Quasisymmetric maps are a metric space analogue of conformal maps. The conformal dimension of a metric space is the infimum of the Hausdorff dimension among all metric spaces that are quasisymmetric to the given space. Conformal dimension was introduced by Pansu (1989) to study boundaries of Gromov hyperbolic spaces. More recently, the notion of conformal walk dimension was introduced to study Harnack inequalities for symmetric diffusion processes. An important application of conformal walk dimension is a generalization of Moser's stability result for Harnack inequality in the Euclidean space to manifolds and more generally spaces equipped with symmetric diffusions. This talk will survey aspects of conformal dimensions in analysis and probability highlighting some parallels and differences.

Friday, September 29, 202310AM, Columbia University, Mathematics Hall, 2990 Broadway 203
Probability and the City seminar
Simona Diaconu (Courant) and Yu Gu (University of Maryland)Synopsis:
The Probability and the City seminar is a joint meeting of the probability seminars at Courant and at Columbia, held twice every semester (hosted once at each institution).
The first meeting of Fall 2023 will feature:
Simona Diaconu (Courant)
Title: Traces, Eigenvalues, and Eigenvectors Abstract 
Abstract:
Random matrix theory is concerned primarily with the eigenvalues and eigenvectors of certain ensembles. The method of moments is a common technique in this area: it goes back to Wigner in 1955, and consists of finding the asymptotic behavior of traces of large powers of matrices. The most common uses are operator norm bounds with high probability, a classical result of Soshnikov from 1998 being edge eigenspectrum universality. The purpose of this talk is highlighting the versatility of this technique by presenting three (more) recent applications, two yielding central limit theorems for eigenvalues, and one perhaps even surprising, related to eigenvectors. No background in random matrix theory is assumed.  Yu Gu (University of Maryland)
Title: Effective diffusivities in periodic KPZ Abstract
Abstract:
It’s known that the KPZ equation on a torus exhibits diffusive behaviors in large time. In this talk, I will discuss the recent joint work with Tomasz Komorowski and Alex Dunlap in which we derived nearly explicit expressions of the diffusion constants. The argument is based on a combination of Malliavin calculus and stochastic homogenization.


Friday, September 22, 202311:10AM, Warren Weaver Hall 1302
Quantum Ergodicity for Periodic Graphs
Theo McKenzie, Stanford UniversitySynopsis:
Quantum ergodicity (QE) is a notion of eigenvector delocalization, that large eigenvector entries are “well spread” throughout the entire graph. Such a property is true of ``chaotic’’ manifolds and graphs, such as random regular graphs and Riemannian manifolds with ergodic geodesic flow. Focusing on graphs, outside of very specific examples, QE was previously only known to hold for families of graphs with a tree local limit. In this talk we show how QE is in satisfied for many families of operators on periodic graphs, including Schrodinger operators with periodic potential on the discrete torus and on the honeycomb lattice.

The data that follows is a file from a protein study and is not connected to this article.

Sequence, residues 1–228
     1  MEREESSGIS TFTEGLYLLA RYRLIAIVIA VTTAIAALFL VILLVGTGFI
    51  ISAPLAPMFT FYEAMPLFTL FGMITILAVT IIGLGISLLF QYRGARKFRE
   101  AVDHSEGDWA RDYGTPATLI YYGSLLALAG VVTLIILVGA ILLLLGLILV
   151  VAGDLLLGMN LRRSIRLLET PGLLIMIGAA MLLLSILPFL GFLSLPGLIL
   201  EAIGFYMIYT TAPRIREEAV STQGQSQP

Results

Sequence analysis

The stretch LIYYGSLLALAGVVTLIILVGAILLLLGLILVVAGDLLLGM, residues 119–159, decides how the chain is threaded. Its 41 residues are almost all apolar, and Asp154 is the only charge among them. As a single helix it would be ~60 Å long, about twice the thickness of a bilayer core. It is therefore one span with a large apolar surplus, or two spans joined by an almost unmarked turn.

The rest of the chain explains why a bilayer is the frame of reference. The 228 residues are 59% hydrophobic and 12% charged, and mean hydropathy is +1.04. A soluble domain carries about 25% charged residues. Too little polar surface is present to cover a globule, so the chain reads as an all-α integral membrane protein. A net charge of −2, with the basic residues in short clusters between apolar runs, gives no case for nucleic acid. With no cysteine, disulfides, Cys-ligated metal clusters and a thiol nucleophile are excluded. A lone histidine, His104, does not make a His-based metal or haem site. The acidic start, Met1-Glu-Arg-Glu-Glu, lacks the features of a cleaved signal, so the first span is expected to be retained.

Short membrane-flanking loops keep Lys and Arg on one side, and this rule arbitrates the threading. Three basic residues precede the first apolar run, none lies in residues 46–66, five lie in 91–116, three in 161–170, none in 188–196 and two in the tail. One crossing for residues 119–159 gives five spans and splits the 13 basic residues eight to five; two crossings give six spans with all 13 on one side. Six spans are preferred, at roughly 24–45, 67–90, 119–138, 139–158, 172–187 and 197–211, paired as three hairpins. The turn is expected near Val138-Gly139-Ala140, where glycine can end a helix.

In order to do this, we use new ideas coming from analyzing Bloch varieties, and some methods coming from proofs in the continuous setting.
Based on joint work with Mostafa Sabri.

Friday, September 15, 202311:10AM, Warren Weaver Hall 1302
Fluctuations in weakly asymmetric simple exclusion process on a ring subject to an atypical current
Benoit Dagallier, Courant InstituteSynopsis:
The broad aim of the talk is to describe the dynamics of interacting particle systems on rare dynamical events. For many models large deviation results are available and give an estimate of the probability of such a rare event. The point here is to describe the trajectories belonging to this rare event, in the highdimensional limit where the number of particles is large.
From a technical point of view, the difficulty is that the original dynamics "conditioned" (in a suitable sense) to the rare dynamical event is highdimensional, in general nonlocal (even if the original dynamics were local), non homogeneous in time and not explicitly known. The study of such dynamics on rare events is of particular interest when the interacting particle system undergoes a dynamical phase transition.
I will consider a simple yet already very rich model: the Weakly Asymmetric Simple Exclusion Process (WASEP) on a ring, subject to an atypical current of particles. The WASEP has a dynamical phase transition when the current strength exceeds a certain threshold. Using socalled relative entropy techniques, it is possible to obtain a detailed description of the WASEP dynamics tilted by the current. In particular I can compute spatial (twopoint) correlations, confirming 2007 heuristic computations of Thierry Bodineau and Bernard Derrida and giving information on the dynamical phase transition.